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S.M. Kymes, R.F. Nease, Jr., W. Sumner, M.O. Gordon; Loss of Quality of Life Due to Visual Disease: A Preference Based (Utility) Assessment . Invest. Ophthalmol. Vis. Sci. 2006;47(13):1550.
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© ARVO (1962-2015); The Authors (2016-present)
Preference–based assessment of quality of life yields "utilities" that assist in decision–making concerning treatment and prevention of disease. Applications include cost–effectiveness research and the development of patient decision support tools. There are few studies of utility loss for visual impairment (VI).
We interviewed 443 patients: diabetic retinopathy (DR) =59, glaucoma=99, macular degeneration (AMD)=44, cataract=132, correctable refractive error (RE)=109. Degree of VI was characterized for the disease. Utilities were estimated using the standard gamble, an approach that measures the risk of an adverse outcome accepted to achieve a desired result. We report three scenarios: 1) assuming unilateral blindness, what risk of death would be accepted to gain ideal vision; 2) assuming bilateral blindness, what risk of death would be accepted to gain ideal vision; 3) what risk of death would be accepted to gain perfect health (including ideal vision). The utility score is 1–the risk of death accepted. Age and comorbidity adjusted estimates were made using ANOVA.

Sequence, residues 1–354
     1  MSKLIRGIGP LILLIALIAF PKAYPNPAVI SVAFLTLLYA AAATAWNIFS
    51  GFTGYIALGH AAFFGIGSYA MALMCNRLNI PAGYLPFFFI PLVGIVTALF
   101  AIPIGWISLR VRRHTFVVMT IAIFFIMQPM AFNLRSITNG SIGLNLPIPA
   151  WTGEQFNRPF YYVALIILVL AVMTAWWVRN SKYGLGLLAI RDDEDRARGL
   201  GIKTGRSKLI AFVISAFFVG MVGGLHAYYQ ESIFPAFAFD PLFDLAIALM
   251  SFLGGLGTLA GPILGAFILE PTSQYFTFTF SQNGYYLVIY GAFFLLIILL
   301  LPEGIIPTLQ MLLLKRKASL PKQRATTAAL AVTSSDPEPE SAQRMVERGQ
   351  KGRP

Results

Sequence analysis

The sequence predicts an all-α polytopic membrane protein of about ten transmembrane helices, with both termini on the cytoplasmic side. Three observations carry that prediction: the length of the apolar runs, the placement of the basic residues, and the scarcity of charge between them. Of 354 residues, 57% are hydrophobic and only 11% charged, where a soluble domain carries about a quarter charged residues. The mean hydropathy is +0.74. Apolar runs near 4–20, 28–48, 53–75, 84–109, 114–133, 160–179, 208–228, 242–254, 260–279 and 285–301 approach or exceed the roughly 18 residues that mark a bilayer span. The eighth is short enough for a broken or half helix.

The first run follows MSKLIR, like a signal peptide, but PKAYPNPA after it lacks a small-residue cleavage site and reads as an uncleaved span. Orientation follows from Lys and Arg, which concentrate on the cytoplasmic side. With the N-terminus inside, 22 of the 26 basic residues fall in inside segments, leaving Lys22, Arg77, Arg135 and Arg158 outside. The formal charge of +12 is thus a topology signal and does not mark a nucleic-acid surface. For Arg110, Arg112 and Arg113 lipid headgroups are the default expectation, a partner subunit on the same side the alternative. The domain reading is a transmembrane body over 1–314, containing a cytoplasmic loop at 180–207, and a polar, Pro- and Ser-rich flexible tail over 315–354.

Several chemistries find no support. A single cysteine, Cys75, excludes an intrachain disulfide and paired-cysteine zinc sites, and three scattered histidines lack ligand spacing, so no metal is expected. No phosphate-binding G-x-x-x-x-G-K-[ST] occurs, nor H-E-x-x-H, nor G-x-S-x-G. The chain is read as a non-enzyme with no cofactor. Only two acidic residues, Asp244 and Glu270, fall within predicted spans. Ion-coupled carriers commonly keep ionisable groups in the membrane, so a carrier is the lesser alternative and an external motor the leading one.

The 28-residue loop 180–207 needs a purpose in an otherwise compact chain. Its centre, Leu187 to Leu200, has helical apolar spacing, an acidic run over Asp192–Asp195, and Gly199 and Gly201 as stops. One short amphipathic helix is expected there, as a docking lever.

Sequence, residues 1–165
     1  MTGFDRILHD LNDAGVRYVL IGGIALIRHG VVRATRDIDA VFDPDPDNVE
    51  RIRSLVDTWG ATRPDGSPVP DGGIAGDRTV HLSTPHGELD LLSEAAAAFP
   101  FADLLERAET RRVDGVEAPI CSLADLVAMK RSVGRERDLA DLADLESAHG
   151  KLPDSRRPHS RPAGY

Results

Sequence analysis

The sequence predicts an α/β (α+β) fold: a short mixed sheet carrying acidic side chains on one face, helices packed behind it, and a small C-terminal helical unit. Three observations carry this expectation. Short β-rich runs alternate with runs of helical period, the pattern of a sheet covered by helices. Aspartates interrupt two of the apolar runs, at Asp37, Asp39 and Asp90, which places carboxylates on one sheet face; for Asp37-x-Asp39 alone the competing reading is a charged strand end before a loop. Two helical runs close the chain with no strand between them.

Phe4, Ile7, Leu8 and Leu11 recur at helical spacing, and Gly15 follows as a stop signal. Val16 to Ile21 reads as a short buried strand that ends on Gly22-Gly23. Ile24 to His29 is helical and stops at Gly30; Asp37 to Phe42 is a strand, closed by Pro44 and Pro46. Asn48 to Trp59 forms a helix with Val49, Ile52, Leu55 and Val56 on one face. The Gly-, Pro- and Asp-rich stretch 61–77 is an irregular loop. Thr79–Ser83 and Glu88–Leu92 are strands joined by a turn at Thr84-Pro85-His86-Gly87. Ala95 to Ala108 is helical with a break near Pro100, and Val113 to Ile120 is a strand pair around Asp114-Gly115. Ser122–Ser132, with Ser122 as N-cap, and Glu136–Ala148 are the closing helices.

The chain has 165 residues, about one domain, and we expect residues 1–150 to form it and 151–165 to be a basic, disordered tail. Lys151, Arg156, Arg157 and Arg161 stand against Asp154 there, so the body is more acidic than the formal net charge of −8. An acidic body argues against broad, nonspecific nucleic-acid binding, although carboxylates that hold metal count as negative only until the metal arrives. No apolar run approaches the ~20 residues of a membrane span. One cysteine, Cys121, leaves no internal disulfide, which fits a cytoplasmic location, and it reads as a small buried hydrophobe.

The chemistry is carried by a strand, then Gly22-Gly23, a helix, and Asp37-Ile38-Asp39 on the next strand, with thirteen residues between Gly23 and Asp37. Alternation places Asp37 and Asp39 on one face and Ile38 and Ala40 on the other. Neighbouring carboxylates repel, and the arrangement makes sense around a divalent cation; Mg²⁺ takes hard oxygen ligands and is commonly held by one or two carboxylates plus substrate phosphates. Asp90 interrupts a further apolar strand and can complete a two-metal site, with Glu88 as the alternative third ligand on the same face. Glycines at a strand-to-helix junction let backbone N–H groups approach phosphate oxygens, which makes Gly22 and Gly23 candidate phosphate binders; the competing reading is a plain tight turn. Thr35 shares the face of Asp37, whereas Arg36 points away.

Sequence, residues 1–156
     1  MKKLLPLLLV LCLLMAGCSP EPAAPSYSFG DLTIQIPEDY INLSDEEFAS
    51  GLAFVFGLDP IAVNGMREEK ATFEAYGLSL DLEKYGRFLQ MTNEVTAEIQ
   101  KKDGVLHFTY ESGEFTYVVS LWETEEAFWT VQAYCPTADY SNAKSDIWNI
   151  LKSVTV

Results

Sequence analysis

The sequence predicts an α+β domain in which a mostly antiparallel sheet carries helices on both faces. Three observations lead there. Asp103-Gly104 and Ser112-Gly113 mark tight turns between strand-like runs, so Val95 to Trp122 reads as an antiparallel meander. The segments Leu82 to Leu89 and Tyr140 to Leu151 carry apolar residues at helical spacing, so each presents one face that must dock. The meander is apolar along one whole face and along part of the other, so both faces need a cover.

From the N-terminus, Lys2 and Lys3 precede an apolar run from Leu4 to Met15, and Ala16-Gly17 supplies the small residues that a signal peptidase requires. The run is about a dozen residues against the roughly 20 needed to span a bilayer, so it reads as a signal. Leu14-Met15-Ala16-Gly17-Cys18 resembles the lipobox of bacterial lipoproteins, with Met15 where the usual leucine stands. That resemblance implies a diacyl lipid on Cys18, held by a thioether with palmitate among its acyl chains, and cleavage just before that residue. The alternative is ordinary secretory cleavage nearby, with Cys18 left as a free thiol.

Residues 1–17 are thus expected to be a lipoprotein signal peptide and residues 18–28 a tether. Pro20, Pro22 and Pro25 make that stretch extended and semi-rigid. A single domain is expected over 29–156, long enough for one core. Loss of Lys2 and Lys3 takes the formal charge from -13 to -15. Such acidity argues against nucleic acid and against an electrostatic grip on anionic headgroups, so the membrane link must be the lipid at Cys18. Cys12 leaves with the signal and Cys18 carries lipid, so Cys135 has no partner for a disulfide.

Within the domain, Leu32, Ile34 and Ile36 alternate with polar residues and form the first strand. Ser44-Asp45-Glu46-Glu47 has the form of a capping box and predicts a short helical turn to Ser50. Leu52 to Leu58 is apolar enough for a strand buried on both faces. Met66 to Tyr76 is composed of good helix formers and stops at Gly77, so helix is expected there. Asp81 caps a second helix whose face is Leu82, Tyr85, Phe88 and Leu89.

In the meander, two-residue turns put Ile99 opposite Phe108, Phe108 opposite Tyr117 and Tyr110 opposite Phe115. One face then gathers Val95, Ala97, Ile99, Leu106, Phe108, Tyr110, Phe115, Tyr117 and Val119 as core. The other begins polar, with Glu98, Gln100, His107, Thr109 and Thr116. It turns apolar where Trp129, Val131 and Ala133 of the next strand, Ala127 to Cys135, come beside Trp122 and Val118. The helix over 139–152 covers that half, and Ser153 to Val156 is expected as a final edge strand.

The utility for unilateral blindness and bilateral blindness was consistent across cause of VI. Lower utility scores were found to be associated with increased severity of DR, glaucoma and AMD, with modest loss in early stages. There was little evidence of larger utility loss with increased severity of cataract or RE.
Our estimate of utility loss associated with bilateral blindness reflects that reported elsewhere. We believe this is the first report of utility loss associated with unilateral blindness, however the use of "ideal vision" for the upper anchor may limit applicability of both estimates. Preference based measures were responsive to severity of DM, glaucoma and AMD but not cataract or RE. Improved assessment of utilities associated with DM, glaucoma and AMD will enhance the ability of clinicians and policy makers to advise patients of treatment options and in identifying cost–effective strategies for treatment and prevention of eye disease.
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